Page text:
Recently, over 200 people have come forward with new sexual abuse allegations against the Boy Scouts of America. The Irving, Texas-based organization is one of the largest youth groups in the country, and has already dealt with numerous charges of abuse over the years. One expert estimates some 7,800 hundred individuals allegedly abused more than 12,000 children.
Cara Kelly, who’s covering the story for USA Today, says the new allegations came about after the Boy Scouts announced in December that it might file for Chapter 11 bankruptcy protection. That prompted a group of lawyers to quickly put out a call to find other survivors who wanted to make new allegations against the group before the possible start of a Chapter 11 process.
“They decided to put out … a bit of an ad campaign to see if any victims had not spoken out yet,” Kelly says. “In a few short weeks, they had 200-plus individuals step forward and sign on with them with new allegations.”
She says the lawyers were able to differentiate between new and existing allegations because the Boy Scouts had already been tracking abuse cases for years, and its documents became public records after a previous lawsuit. It had already banned many alleged abusers over the years.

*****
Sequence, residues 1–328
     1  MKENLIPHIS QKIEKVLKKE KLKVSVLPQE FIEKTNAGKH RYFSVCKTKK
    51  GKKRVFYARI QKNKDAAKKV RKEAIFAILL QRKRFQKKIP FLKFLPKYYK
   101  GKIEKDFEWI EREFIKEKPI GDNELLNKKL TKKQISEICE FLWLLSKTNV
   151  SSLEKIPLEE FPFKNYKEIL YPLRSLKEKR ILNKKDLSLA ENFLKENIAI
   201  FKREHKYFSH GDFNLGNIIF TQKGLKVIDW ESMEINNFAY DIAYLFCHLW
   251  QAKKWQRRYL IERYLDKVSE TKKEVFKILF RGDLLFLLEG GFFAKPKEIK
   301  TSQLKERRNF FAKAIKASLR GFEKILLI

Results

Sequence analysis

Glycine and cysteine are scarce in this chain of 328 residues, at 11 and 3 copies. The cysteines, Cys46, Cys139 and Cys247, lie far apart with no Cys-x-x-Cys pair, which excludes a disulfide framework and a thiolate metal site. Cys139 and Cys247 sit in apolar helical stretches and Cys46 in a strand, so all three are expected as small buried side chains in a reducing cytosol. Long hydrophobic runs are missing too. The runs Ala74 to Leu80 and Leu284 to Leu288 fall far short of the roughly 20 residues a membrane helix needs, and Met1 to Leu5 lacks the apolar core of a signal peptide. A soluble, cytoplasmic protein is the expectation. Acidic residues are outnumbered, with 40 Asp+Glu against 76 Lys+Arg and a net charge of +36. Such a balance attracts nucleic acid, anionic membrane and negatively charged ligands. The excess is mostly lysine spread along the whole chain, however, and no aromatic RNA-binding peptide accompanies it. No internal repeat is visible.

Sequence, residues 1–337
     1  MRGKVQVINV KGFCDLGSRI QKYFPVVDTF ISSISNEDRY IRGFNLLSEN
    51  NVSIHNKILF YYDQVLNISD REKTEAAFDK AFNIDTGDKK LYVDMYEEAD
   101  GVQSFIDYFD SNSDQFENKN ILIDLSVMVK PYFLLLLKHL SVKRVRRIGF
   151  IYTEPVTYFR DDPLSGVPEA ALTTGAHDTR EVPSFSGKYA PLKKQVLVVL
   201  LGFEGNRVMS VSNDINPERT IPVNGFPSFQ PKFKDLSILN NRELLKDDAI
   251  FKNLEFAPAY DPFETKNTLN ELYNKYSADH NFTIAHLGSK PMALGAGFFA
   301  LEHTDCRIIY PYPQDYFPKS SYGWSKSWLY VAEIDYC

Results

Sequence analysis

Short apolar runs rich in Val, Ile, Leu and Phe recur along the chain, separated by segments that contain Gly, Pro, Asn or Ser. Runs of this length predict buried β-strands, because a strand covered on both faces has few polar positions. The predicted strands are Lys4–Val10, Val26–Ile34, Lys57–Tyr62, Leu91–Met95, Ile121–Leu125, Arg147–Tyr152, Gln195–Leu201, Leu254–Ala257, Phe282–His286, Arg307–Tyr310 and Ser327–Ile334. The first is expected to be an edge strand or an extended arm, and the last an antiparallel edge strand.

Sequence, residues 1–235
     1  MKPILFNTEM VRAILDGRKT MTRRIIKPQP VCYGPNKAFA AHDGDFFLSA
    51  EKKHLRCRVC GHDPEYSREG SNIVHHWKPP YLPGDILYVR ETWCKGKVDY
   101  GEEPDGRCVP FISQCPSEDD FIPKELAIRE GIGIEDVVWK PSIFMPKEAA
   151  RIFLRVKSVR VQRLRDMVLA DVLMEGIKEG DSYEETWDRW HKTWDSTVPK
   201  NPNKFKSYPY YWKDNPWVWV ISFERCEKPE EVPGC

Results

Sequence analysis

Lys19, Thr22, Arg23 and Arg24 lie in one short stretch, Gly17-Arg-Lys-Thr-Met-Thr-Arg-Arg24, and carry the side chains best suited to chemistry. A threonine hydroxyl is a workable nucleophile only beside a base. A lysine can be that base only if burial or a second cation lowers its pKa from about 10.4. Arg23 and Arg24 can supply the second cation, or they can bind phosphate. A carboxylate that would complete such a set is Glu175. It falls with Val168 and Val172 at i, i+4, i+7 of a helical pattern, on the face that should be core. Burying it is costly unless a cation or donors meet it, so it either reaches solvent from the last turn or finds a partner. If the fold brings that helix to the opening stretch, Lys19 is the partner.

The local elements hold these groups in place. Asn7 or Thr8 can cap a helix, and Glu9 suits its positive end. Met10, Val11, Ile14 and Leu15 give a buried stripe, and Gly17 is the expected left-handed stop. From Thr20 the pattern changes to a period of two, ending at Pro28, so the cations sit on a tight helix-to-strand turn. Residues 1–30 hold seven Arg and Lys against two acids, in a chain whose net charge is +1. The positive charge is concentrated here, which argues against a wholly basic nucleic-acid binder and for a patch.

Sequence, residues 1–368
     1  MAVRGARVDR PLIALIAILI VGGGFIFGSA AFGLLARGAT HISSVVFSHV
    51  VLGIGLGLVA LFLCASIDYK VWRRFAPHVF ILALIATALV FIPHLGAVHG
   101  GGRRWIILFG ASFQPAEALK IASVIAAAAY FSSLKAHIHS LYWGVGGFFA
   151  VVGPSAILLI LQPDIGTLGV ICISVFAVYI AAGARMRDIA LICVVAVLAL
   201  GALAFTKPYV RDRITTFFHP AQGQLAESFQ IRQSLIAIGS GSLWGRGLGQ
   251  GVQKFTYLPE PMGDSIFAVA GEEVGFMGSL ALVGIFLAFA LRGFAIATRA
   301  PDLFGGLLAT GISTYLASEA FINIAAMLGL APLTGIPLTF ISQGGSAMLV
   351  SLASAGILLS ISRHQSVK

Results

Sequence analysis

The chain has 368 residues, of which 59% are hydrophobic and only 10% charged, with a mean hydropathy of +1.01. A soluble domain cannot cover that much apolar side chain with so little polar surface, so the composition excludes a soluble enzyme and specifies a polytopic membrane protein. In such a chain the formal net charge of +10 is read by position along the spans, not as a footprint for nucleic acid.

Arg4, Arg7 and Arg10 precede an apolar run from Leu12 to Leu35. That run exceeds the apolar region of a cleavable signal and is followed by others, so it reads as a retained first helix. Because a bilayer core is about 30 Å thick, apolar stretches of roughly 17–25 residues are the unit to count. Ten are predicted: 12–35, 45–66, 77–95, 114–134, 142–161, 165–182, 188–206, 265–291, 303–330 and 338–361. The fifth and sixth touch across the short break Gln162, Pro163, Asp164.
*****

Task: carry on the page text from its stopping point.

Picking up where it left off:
“There are some newer cases,” Kelly says. “But many of them are older and these individuals have just kept these allegations to themselves for many, many years.”
The Boy Scouts tracked abuse allegations against scout masters and others in the organization in its so-called perversion files. Kelly says the organization said the record-keeping was a way to protect scouts, and required everyone in the organization to report incidents of abuse to the police.
Kelly says that in a call with the media Wednesday, the Boy Scouts said it’s still exploring whether it will file for bankruptcy protection. She says some lawyers are criticizing such a move because of how it would “immediately halt” litigation against the group. But Chapter 11 protection would provide some avenues for addressing abuse cases.
“There would be a brief period of time during bankruptcy proceedings that individuals would be able to bring claims under the bankruptcy filing,” Kelly says.
But that process might not be helpful for all survivors, she says, because it would require any documents or records from those proceedings to remain confidential. That means survivors wouldn’t be able to publicly expose alleged perpetrators.
Kelly says the Boy Scouts abuse case is similar to that of other high-profile sexual abuse cases: USA Gymnastics and several American dioceses of the Roman Catholic Church have filed for bankruptcy protection.
Written by Caroline Covington.